I actually skipped over chapter 3, but it does actually contain an interesting classification of Data Scientists into different types. Voulgaris makes this classification with the help of insights from a 2013 study by Harris, Murphy and Vaisman. This study, on the basis of research involving approximately 250 international Data Scientists, reveals four varieties of Data Scientist:

And then Voulgaris adds one more type of his own:

The book that Voulgaris has written up to and including chapter 5 is absolutely fascinating for anyone interested in the field of Data Science. I won’t look so much at some of chapters following chapter 5. These chapters are particularly valuable for those about to become Data Scientists themselves:

The chapters above contain useful tips and references to other sources. As a proper introduction to tools and languages it really only summarises them – but it does provide a good overview. The overview of MOOCs (Massive Online Open Courses – free/cheap online training courses) is comprehensive but, due to the rapid pace of developments in this field, it is already partially out-of-date. For example, Coursera had its top position in the providers of MOOCs but has already lost this as Udemy, DataCamp, Code Academy and other have now gained a much greater market share. The same is true of the summary of R packages. Voulgaris did include a list of good packages for machine learning, but the field is still developing at lightning speed and there already new, better or more user-friendly packages available. This is unavoidable when writing a book and the overview of packages still does serve as a good starting point for new Data Scientists to learn the ropes in Data Science.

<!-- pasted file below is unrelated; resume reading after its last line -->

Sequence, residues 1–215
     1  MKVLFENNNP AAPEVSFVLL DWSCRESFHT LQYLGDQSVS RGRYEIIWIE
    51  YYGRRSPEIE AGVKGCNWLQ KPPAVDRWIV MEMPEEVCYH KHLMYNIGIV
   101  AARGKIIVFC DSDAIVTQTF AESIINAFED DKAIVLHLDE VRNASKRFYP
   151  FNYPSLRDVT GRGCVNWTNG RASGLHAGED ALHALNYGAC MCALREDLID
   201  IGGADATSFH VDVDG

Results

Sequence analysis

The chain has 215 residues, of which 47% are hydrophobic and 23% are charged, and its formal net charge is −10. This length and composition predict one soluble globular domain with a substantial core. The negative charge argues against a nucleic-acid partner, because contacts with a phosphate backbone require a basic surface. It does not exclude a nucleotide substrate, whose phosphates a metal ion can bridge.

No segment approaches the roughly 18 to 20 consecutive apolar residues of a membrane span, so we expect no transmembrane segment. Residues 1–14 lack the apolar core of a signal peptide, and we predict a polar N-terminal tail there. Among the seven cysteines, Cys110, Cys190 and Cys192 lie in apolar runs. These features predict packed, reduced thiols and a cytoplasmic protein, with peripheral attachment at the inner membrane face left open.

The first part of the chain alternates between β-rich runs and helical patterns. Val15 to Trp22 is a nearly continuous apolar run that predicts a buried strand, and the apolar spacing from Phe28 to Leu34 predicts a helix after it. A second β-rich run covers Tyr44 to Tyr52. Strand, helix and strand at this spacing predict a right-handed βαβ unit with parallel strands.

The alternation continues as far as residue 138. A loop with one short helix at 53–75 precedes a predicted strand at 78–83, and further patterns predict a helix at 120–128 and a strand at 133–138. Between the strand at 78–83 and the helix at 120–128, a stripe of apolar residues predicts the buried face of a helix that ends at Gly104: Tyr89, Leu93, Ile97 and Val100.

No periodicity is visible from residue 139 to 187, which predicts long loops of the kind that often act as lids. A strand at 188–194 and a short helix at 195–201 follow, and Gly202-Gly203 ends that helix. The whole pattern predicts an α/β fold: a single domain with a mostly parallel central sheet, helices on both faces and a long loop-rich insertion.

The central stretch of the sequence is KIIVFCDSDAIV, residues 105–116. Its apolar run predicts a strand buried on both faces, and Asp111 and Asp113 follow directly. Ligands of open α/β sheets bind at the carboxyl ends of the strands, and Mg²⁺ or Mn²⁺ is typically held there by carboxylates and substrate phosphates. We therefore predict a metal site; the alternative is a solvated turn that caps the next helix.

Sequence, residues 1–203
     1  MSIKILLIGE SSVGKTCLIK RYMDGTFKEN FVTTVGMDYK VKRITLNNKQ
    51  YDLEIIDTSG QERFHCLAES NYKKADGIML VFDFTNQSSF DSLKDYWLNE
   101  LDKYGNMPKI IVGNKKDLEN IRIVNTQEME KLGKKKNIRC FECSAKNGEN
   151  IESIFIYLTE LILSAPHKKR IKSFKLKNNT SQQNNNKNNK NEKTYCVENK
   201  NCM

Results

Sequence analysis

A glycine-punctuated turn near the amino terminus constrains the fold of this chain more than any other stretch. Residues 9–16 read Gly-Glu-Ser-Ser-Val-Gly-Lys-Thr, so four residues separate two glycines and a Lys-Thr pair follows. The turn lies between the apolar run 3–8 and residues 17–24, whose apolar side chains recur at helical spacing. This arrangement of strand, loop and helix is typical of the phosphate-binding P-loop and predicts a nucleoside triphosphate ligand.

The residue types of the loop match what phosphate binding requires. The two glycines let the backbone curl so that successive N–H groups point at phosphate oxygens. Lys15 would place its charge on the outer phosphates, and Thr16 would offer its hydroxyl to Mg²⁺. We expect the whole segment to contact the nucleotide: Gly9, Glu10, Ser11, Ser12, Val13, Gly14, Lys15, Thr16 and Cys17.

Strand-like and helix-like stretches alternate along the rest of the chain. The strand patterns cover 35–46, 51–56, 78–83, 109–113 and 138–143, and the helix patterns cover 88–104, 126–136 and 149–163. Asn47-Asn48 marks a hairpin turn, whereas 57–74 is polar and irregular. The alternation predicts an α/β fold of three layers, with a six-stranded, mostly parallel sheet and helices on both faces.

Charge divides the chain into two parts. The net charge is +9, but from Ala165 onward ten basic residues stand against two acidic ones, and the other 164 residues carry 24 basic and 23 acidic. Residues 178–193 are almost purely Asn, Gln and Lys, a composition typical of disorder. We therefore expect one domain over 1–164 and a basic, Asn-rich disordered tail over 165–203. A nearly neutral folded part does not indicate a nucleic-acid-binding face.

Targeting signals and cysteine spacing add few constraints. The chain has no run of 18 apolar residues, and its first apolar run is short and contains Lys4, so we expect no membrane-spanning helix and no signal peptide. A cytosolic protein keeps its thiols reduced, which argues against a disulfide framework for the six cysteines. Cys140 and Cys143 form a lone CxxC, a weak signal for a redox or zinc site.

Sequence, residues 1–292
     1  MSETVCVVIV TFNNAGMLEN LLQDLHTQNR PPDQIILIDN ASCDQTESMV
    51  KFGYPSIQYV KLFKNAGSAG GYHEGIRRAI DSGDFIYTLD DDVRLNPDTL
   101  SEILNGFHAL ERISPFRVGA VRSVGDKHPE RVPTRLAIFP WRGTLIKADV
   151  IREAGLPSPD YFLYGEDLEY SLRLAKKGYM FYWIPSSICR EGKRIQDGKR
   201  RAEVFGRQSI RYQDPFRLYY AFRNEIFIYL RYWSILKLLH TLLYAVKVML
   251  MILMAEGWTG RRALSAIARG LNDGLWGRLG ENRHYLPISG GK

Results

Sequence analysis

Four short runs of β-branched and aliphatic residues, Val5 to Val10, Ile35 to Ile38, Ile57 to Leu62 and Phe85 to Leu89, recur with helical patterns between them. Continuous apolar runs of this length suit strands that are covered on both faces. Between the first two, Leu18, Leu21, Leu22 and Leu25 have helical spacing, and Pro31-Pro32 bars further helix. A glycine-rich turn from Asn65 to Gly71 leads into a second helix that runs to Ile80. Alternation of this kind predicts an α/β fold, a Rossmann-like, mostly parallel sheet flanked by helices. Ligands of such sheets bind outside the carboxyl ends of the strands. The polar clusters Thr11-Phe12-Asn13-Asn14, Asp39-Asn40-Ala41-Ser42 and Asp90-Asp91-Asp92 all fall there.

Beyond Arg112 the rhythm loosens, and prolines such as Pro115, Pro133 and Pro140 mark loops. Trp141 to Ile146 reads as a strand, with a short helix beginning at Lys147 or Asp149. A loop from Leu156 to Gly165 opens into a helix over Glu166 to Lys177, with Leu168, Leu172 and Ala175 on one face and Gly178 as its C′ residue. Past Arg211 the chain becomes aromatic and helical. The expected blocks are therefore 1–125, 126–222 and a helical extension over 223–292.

Chapter 12 is extremely useful for current data professionals as this is where Voulgaris describes the transition to Data Scientist from the perspective of various different roles (programmer/software developer, statistician/data miner, IT specialist/business intelligence specialist, new starters, and so on). Where are the greatest challenges? What strength does a professional offer with their expertise?

Chapters 13 to 15 are about finding a job in the Data Science field: Where should you look? (13) How should you present yourself? (14) And: As a freelance Data Scientist. (15). I find that quite a lot of open doors, but it may be worthwhile for a new starter to go through it. Finally, Voulgaris concludes with a number of real Data Science vacancies (chapter 18) and interviews with real Data Scientists (chapter 17). Both of these certainly add something extra for the reader. The interviews are particularly valuable, and emphasise Voulgaris’s main points relating to the Data Scientist’s mindset. Both the importance of answering the right question by first asking the questions and the major importance of creativity in the role of Data Scientist both now and in the future.

Click here to go back to the start of this book review.


Do you want to know more about this subject? Please contact Jurriaan Nagelkerke using the details below

Jurriaan Nagelkerke, Principal Consultant

+31 6 29 62 00 11